Mr. Effingham was about to form a company for the purpose of giving the public the use and benefit of his great invention. [page 96] It was to be called ‘The Effingham Patent Ventilating Co., Limited.’ A long-headed monetary genius from London had commenced to finance it. A list of high-sounding directors, including the Mayor of our town, had already been enrolled. There were to be five thousand shares at ten pounds each, which the public would take up. Some capital was required at once to commence operations, just as earnest money, and four thousand five hundred pounds had been found. But another five hundred pounds was wanted. Such was the scheme in its bare outlines.
‘Papa intended to have explained all this to you, but as he is asleep I know he will be pleased that I have performed the duty for him,’ said Miss Effingham.
She did not apply to me in vain, for at [page 97] once I gave my undivided attention to her lucid explanations.
The subject of ventilation, which had not yesterday interested me in the slightest degree, suddenly appeared the most important question under the sun, and before I left that evening I was master of every detail, and I promised to help her by every means in my power, and so I determined to leave no stone unturned to procure this money; I assured her that her interest orher father’s was my interest, and that she could not have tried my devotion better than by allowing me to do her this service.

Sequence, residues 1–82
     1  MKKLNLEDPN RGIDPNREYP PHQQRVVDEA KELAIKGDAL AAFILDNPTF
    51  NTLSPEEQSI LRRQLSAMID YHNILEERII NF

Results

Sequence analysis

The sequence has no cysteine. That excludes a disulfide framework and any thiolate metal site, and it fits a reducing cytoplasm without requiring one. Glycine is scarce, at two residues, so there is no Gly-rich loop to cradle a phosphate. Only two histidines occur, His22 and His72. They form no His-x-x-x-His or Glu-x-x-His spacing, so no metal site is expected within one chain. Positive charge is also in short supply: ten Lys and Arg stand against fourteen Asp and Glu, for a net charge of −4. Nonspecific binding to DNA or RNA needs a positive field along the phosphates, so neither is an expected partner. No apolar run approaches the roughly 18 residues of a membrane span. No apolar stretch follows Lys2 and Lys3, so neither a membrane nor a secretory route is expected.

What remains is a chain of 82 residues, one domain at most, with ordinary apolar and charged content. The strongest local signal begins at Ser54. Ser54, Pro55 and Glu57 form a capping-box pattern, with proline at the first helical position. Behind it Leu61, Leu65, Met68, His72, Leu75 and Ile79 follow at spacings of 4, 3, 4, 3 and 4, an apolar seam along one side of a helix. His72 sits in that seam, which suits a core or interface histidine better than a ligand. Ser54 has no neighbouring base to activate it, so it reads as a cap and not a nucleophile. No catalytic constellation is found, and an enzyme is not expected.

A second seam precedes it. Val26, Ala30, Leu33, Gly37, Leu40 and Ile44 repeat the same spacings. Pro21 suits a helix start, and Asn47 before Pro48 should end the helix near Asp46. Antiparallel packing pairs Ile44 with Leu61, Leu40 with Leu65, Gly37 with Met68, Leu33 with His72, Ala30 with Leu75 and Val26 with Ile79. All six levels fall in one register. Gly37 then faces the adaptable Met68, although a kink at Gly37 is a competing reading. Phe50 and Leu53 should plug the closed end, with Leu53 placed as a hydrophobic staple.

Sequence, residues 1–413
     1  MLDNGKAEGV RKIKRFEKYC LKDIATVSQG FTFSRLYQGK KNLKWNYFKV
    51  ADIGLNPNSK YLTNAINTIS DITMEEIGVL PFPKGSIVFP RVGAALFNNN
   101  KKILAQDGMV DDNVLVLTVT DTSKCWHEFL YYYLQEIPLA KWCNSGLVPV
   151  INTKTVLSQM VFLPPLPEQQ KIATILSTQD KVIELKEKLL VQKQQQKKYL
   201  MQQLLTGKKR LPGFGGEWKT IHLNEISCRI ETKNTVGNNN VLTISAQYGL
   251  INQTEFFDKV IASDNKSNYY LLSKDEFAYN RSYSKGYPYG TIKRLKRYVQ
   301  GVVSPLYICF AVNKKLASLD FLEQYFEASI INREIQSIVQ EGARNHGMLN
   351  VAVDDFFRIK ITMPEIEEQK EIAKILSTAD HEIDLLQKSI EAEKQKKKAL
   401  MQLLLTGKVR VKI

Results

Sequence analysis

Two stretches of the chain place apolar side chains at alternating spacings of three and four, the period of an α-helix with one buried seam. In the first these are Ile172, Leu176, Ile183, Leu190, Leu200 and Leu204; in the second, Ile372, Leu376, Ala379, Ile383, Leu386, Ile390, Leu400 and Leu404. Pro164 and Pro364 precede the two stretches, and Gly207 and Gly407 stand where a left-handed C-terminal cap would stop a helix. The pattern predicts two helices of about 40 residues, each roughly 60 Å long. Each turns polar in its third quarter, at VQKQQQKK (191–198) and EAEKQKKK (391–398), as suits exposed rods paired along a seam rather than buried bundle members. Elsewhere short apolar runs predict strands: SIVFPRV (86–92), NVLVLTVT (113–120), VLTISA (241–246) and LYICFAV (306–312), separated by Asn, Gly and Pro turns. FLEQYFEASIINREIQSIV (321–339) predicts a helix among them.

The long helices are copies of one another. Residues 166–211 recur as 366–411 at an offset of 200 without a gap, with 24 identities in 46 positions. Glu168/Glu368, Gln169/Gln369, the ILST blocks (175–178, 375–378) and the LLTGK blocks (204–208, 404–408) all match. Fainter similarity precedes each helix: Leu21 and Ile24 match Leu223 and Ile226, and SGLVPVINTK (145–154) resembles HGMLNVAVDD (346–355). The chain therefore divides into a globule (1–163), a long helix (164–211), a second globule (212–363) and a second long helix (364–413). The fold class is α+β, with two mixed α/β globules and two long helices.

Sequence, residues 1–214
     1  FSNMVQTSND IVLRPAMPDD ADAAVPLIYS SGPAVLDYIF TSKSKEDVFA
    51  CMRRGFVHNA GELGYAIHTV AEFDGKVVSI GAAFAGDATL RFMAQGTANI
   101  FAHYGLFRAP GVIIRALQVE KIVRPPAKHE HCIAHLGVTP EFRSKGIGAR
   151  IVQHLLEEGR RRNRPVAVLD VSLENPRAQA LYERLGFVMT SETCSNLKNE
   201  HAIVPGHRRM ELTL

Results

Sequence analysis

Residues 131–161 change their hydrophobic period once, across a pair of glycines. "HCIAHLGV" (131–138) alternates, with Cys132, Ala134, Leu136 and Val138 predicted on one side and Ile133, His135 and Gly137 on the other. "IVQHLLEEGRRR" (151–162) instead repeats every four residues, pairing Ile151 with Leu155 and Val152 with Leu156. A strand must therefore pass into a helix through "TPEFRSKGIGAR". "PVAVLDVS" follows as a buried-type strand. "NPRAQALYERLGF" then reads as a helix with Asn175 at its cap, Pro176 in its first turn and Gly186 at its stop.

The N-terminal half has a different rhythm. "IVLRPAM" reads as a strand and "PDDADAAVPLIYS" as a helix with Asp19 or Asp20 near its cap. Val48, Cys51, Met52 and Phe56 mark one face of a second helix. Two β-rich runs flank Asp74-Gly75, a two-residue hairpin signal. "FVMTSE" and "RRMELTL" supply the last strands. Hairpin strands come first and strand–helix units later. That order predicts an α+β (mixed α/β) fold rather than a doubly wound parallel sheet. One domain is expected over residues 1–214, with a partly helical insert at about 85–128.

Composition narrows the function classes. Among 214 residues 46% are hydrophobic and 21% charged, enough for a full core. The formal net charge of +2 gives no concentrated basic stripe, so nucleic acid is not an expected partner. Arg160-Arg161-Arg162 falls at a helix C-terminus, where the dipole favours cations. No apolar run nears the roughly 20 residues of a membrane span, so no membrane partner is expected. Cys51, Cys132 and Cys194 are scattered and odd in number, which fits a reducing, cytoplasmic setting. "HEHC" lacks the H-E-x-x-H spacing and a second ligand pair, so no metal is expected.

The next day I was in a desperate hurry to carry out my purpose. I took another week’s holiday. I explained the project to several influential and wealthy men in our town; but who somehow did not view it [page 98] as hopefully as they might have done. Ventilating schemes were hardly required by the public, they said; besides, where was the security for the money? You must remember the inhabitants of our old-fashioned town had limited ideas of experiments, and were hardly venturesome enough to meet the requirements of modern, expanding ideas of business. The security seemed all right to me, although I could not have satisfactorily explained what it consisted of. It was quite sufficient for me that she wanted the money to aid her father’s scheme. And would she not eventually be my wife? Certainly, she had not positively accepted me; but the mere fact of her having enlisted my services in her behalf forged a new link between us. Her father’s success was hers, and her success was mine—was most assuredly mine. [page 99]
Reasoning thus, I determined to sell out a portion of the small property bequeathed to me by my mother, the interest of which had helped me to live, and to lend the five hundred pounds myself, and I also determined to keep the matter a profound secret.
‘Can I ever thank you sufficiently for this?’ she said to me, her lovely face beaming with gladness, when on a later occasion I handed her the money.